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READ: World War I - A Total War?

World War I: A Total War?

By Amy Elizabeth Robinson
"Total war" includes four things: Mobilization, refusal to compromise, the blurring of roles between soldier and civilians, and total control of society. In many ways World War I was total war. There had never been a war that was so widely devastating.

Total war: Definition and debate

World War I is often referred to as the first "total war." People at the time used this term to describe the size and devastation of the war. It helped them understand how the roles of soldiers and civilians became difficult to separate. In 1917 France's new Prime Minister Georges Clemenceau declared: "We present ourselves in the single aim of total warfare… My foreign policy and my home policy are the same. At home I wage war. Abroad I wage war… I shall go on waging war." Since the second half of the twentieth century many historians have also used the term. It helped them analyze what is new about "modern" war. Some historians have gone farther back than WWI and refer to the U.S. Civil War as a "total war". They feel that the Civil War was a total war because it involved great loss and mobilization in the United States. But the First World War represented something new, especially in terms of technological warfare and size of impact.
The idea of total war involves four things. The first, mobilization, refers to gathering troops, weapons, resources and other preparations. The second is the blurring of the roles of soldiers and civilians. The third is the rejection of a "compromise peace" or of any outcome other than the complete destruction of the enemy. The fourth and final part is the total control of society. In reality, no war has perfectly met all these criteria. But we can see parts of each in WWI. We also see these four things in the social, political, economic, and environmental effects of the war.
British troops of the 55th Division of West Lancashire suffering from the effects of a German gas attack, Battle of Estaires, 1918, by Second Lieutenant Thomas Keith Aitken. By Imperial War Museums, public domain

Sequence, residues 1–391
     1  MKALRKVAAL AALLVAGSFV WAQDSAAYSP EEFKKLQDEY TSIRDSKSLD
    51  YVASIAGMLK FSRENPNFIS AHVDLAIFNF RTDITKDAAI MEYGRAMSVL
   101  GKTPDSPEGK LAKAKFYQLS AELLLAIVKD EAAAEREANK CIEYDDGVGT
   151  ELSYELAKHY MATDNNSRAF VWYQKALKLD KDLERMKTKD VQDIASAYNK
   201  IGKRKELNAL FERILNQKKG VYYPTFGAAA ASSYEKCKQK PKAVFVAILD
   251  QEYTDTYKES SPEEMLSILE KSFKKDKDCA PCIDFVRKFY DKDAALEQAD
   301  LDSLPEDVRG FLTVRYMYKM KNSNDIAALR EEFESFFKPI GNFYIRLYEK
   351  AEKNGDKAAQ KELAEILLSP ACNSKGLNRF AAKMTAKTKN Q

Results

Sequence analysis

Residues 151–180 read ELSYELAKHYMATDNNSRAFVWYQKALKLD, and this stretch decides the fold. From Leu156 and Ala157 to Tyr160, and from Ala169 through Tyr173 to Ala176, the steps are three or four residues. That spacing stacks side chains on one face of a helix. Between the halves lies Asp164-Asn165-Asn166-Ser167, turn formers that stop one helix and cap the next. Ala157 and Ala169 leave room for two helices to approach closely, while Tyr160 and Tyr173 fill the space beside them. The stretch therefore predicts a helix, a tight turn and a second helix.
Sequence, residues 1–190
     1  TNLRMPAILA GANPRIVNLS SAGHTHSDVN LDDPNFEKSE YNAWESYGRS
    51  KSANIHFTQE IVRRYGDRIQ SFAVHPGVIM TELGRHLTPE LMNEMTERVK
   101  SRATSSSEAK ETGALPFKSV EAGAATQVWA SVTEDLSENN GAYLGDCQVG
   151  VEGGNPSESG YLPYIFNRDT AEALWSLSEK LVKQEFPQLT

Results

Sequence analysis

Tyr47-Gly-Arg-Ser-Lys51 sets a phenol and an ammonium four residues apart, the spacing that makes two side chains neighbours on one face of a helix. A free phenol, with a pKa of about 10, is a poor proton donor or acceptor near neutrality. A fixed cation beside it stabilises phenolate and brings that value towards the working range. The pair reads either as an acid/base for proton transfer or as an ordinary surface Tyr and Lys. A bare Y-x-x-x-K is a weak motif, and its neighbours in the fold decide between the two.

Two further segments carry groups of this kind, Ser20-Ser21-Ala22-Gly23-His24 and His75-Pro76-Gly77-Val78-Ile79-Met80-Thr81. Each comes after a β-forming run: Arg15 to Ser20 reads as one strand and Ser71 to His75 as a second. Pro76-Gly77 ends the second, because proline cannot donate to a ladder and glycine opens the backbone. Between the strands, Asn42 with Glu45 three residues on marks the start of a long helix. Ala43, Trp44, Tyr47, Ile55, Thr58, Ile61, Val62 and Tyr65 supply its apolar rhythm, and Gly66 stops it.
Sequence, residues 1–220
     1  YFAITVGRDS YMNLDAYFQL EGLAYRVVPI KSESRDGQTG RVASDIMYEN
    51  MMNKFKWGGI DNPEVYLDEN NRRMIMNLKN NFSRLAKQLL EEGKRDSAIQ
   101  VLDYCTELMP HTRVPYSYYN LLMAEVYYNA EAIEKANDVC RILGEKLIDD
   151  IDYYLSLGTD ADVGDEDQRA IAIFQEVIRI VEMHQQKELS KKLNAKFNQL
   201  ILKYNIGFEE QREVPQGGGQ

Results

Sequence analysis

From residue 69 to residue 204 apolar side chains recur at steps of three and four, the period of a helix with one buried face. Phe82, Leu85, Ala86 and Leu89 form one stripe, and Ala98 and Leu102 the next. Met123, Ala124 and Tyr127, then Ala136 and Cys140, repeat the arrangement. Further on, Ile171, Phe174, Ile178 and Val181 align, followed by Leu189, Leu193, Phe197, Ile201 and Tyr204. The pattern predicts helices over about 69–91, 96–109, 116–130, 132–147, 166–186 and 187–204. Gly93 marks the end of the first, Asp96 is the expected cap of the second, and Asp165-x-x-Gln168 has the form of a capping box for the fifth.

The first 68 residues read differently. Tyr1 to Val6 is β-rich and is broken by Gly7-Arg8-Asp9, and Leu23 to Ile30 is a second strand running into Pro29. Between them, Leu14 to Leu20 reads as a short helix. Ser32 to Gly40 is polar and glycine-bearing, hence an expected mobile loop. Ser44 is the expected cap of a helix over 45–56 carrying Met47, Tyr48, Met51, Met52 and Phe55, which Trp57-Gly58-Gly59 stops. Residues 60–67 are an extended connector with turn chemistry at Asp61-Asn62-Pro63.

Mobilization and the blurring of roles between soldier and citizen

The scale of mobilization for WWI was far greater than anything before. This mobilization included volunteer and forced military service. Governments and private industry worked together in the war effort. Landscapes and economies were remade.
People were initially shocked by the outbreak of war in 1914. But they also responded with unity and purpose. Millions of young men showed up at recruitment centers to volunteer for service. In Britain alone, 2.6 million men volunteered. Women volunteered as military nurses and aides, canteen workers, and more. Women also signed up to fill jobs so that men could become soldiers. Many working-class women, for example, were newly employed to make weapons. Civilians could participate by helping house troops or refugees. They bought war bonds and savings certificates. They also planted "war gardens" once food rationing began.
“A female munitions worker is lifted into the barrel of a 15-inch naval gun in order to clean the rifling.” Photo taken by Horace Nicholls. By Imperial War Museums, public domain.
Governments and industries concentrated on preparing for total war. The industrialized nations that entered the war shifted much of their production to creating war products. Factories produced weapons and supplies at an astounding rate. This aided the war effort and made a lot of money for businesses. Industry produced munitions and parts for ships and vehicles. Agricultural businesses fed soldiers and civilians. As businesses prepped for war, they also improved military technology. Inventions included tanks, two-way radios, mobile x-ray machines, and gas masks.
As the war waged on, countries with military conscription (drafts) increasingly forced men to become soldiers. This provided a low-cost supply of young men for the front lines. All of the major warring countries used conscription. Overall, the number of military deployments over four years of war was unthinkably huge. Historian Kimberly A. Redding says:
Some 65,000,000 men were mobilized between 1914 and 1918. While not all saw frontline service, the casualty rate (killed, wounded, and missing in action as a percentage of those mobilized) was over 50 percent among Austro- Hungarian, Australian, Bulgarian, French, German, Russian, and ANZAC forces. 8.5 million soldiers died and at least twice that number were wounded. Of these, at least 9.5 million were considered permanently disabled….
The length and violence of the war took a toll. War even increased the devastation of illness. When the flu broke out in 1917-1918, it was rapidly spread by the movements of troops and workers. It resulted in the death of 3-5% of the world's population. Like poison gas, it did not discriminate in its damage.

Complete destruction of the enemy